“Woke” activists who are pushing the so-called “cancel culture” are presenting three dangers to society — intolerance, rage and an emphasis of difference, according to the author of a new report.
Peter Kurti of the Centre for Independent Studies says critical theory activists are effectively silencing people who have what are considered to be oppressive views.
“Firstly, we are confronted with the erosion of tolerance when ‘unacceptable’ opinions are denounced,” Mr Kurti said.
“Secondly, there is the emphasis of difference by promoting discrimination as a good thing.
“Thirdly, there is the incitement of rage and anger that makes reasonable discourse impossible.”
Mr Kurti told NCA NewsWire a recent example was the Coon Cheese controversy and the pulling down of statues.
“The idea that Australia is a country built on slavery is problematic,” he said.
“There are social issues … and there is a history of the empire … Indigenous people were displaced.
“But it doesn’t mean Australia is systemically racist.
“Australia is a beacon of liberty (but) not without its problems.”
Mr Kurti said critical theory promoted an activist agenda.
“This activism has spilled out of university campuses and into our schools, businesses, defence forces, the not-for-profit sector, the churches, the medical profession and much of the media,” he said.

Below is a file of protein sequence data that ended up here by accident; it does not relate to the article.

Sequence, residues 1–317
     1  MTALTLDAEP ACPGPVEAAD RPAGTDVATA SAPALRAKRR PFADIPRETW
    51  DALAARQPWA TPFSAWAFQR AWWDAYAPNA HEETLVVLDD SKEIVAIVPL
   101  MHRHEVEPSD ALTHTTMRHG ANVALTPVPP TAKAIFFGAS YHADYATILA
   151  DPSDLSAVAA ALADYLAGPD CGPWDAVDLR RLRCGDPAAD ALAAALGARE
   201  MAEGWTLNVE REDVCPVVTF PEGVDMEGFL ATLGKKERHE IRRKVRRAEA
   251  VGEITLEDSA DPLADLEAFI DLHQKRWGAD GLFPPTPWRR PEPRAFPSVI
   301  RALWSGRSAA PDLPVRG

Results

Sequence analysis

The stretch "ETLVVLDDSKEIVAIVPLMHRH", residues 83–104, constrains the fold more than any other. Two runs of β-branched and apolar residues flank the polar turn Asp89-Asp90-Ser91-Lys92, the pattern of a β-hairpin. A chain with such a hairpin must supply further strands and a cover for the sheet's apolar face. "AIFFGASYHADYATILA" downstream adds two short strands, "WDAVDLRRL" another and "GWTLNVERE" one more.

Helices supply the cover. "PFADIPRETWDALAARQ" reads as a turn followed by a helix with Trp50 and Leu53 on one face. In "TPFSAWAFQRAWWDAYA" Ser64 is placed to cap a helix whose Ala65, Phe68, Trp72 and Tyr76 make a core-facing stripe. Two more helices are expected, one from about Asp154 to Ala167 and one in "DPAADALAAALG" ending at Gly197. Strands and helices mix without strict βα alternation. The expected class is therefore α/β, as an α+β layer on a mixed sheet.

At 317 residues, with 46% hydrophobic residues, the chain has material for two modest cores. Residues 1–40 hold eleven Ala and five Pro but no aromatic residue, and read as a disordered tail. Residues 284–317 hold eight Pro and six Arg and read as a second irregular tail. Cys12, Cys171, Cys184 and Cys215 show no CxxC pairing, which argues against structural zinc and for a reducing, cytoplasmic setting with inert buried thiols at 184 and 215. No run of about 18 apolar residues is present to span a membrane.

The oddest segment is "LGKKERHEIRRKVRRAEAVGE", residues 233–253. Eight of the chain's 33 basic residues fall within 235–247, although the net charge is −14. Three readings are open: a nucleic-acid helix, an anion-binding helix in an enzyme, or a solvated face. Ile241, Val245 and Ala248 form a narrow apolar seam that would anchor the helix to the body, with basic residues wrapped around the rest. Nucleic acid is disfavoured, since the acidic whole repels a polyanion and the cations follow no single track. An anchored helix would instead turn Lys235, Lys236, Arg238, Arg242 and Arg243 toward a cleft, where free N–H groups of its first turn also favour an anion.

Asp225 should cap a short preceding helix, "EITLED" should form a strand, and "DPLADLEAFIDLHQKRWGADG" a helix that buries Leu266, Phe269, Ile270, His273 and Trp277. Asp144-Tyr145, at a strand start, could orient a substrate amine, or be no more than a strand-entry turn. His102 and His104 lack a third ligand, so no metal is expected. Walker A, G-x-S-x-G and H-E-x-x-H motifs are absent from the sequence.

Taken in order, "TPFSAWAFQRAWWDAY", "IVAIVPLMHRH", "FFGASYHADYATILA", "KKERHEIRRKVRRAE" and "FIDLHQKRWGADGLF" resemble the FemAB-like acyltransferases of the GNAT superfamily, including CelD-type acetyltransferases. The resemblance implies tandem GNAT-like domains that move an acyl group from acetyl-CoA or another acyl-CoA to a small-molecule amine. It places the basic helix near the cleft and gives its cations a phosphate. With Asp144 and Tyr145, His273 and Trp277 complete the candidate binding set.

“Truth is arrived at by listening to the lived experience of members of marginalised groups, which can be expressed in terms of purely subjective feelings and intuition.”
Mr Kurti suggests when words such as “racism” have a “specialised meaning” applied to them, it becomes impossible to have intelligible conversations.
“Critical theory does not aim simply at social reform but at revolution,” he said.
“This revolutionary taint makes it especially dangerous and heightens the importance of both understanding and resisting its agenda.”
Mr Kurti said many critical theory ideas were transmitted very quickly and widely on social media, but he offered a fourfold course of action for resistance.
“We have to have the courage … to stand up against this bullying activism,” he said.
“We have to restore reason in the sense that we’ve got to insist that we have rational discussions … it can’t just be driven by emotion.
“Plus, we’ve got to hold fast to what is true.”
He also said it was important for resistors not to give up.
Mr Kurti said he was prepared for the inevitable backlash to his report.
“The organisation is committed to principles of tolerance and freedom of speech,” he said.
“I’m sure that I’ll be criticised … but this has to be said.”